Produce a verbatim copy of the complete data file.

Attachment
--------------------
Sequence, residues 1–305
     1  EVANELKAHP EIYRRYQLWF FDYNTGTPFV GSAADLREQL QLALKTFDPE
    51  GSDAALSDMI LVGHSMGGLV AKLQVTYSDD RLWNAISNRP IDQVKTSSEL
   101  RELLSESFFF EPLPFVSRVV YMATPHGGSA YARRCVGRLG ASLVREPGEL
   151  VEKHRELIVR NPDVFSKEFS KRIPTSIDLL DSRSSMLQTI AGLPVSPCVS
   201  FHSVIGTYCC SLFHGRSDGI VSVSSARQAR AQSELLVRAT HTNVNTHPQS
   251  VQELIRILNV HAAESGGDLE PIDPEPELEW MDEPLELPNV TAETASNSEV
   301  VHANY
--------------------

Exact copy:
Sequence, residues 1–305
     1  EVANELKAHP EIYRRYQLWF FDYNTGTPFV GSAADLREQL QLALKTFDPE
    51  GSDAALSDMI LVGHSMGGLV AKLQVTYSDD RLWNAISNRP IDQVKTSSEL
   101  RELLSESFFF EPLPFVSRVV YMATPHGGSA YARRCVGRLG ASLVREPGEL
   151  VEKHRELIVR NPDVFSKEFS KRIPTSIDLL DSRSSMLQTI AGLPVSPCVS
   201  FHSVIGTYCC SLFHGRSDGI VSVSSARQAR AQSELLVRAT HTNVNTHPQS
   251  VQELIRILNV HAAESGGDLE PIDPEPELEW MDEPLELPNV TAETASNSEV
   301  VHANY